British high street bank Barclays have today pushed out their attempts at entering the mobile payment space. Their app, Pingit promises to let users transfer money upto £300 per day using nothing more than a phone number. There are no NFC capabilities in this though as you would find in Google Wallet. With the UK still trying to get up to speed with this, Barclays have opted for a much more simple approach.
The application is free to download and importantly all transfers are also free. It isn't platform exclusive either with iOS and BlackBerry apps also available. At the moment you have to have a Barclays account to be able to send money, but they have promised to open it up to other banks sometime in March. Anyone using any bank can register to recieve money though.
It works by linking your bank account to your current mobile phone number. To make a payment to someone, you can either choose them from your address book or enter their phone number manually. The secure transfer is then carried out in seconds. Everything is secured by a five digit passcode.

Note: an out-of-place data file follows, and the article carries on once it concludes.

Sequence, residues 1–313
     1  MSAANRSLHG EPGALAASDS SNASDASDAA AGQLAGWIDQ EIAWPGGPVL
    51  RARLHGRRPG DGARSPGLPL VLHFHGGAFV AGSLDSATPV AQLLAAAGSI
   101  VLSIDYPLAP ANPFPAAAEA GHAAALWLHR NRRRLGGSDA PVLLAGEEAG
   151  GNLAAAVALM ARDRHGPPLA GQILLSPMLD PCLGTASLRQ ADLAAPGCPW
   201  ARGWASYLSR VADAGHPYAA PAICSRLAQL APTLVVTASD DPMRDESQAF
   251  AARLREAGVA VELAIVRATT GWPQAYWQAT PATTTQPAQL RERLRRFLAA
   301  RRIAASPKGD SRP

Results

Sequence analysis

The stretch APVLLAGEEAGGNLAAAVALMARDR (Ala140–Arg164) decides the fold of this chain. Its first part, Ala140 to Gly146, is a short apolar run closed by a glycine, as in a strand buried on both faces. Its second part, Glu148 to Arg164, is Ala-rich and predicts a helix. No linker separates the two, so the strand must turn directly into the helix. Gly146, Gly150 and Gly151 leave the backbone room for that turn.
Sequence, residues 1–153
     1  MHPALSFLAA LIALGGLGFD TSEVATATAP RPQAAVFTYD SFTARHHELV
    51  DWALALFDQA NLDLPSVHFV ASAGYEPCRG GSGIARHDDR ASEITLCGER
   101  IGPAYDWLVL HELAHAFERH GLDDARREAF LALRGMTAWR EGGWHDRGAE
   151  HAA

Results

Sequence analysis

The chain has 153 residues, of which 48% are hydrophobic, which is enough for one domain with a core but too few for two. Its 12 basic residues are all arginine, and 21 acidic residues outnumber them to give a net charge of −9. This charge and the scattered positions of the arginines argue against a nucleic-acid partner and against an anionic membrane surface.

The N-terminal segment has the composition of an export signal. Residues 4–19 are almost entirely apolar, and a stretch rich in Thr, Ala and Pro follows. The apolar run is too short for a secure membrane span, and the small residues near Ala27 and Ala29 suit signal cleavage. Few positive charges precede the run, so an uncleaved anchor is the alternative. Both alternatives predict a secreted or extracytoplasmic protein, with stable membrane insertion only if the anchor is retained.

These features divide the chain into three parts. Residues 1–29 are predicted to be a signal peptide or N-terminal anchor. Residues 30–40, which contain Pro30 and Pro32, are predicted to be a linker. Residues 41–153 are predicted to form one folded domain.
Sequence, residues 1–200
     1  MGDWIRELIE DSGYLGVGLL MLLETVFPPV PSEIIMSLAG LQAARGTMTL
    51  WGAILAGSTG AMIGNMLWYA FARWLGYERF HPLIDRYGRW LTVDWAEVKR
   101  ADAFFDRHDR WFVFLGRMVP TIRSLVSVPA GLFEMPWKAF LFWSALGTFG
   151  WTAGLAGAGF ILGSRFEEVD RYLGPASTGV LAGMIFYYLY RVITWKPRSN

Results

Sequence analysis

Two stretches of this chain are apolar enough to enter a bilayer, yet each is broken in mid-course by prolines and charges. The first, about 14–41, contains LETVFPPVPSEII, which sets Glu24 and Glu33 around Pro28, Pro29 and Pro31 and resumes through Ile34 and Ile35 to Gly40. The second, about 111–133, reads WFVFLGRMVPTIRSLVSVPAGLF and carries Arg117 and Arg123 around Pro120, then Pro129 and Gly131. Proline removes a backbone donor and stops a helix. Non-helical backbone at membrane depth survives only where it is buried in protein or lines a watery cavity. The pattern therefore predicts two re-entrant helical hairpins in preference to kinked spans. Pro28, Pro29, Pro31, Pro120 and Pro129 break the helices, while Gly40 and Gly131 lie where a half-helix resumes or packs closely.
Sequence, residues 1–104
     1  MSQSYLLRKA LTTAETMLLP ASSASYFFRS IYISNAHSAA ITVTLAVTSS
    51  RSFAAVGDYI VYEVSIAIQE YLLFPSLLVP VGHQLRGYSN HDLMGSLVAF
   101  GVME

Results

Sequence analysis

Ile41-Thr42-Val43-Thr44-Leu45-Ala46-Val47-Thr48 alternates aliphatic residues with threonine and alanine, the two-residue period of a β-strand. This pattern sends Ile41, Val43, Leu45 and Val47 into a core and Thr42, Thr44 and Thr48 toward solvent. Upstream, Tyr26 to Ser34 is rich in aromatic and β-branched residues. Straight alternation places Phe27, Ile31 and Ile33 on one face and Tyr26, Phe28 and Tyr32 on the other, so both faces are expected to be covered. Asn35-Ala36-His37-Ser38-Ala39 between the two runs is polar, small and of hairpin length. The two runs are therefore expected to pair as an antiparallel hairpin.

The usefulness of such an app is questioned when you consider that you won't be able to go into a store, and pay for items using Pingit. The use cases are more personal, and one of the examples given is that ten people go out for a meal. When it comes to paying, everyone wants to pay individually and by a different method potentially taking a decent length of time. By bringing Pingit into the equation, one person can pay on their credit card and the other 9 use Pingit to instantly send them their share of the bill. Or how about parents quickly sending money to their student son or daughter at university?
With the number of smartphones ever increasing, anything that can make something tedious like bank transfers and sending money more convienient is a step in the right direction. Some will always be cautious over using their phone to deal with their money. The emphasis here though is that using an application such as Pingit is as secure as regular online banking which we do all the time.
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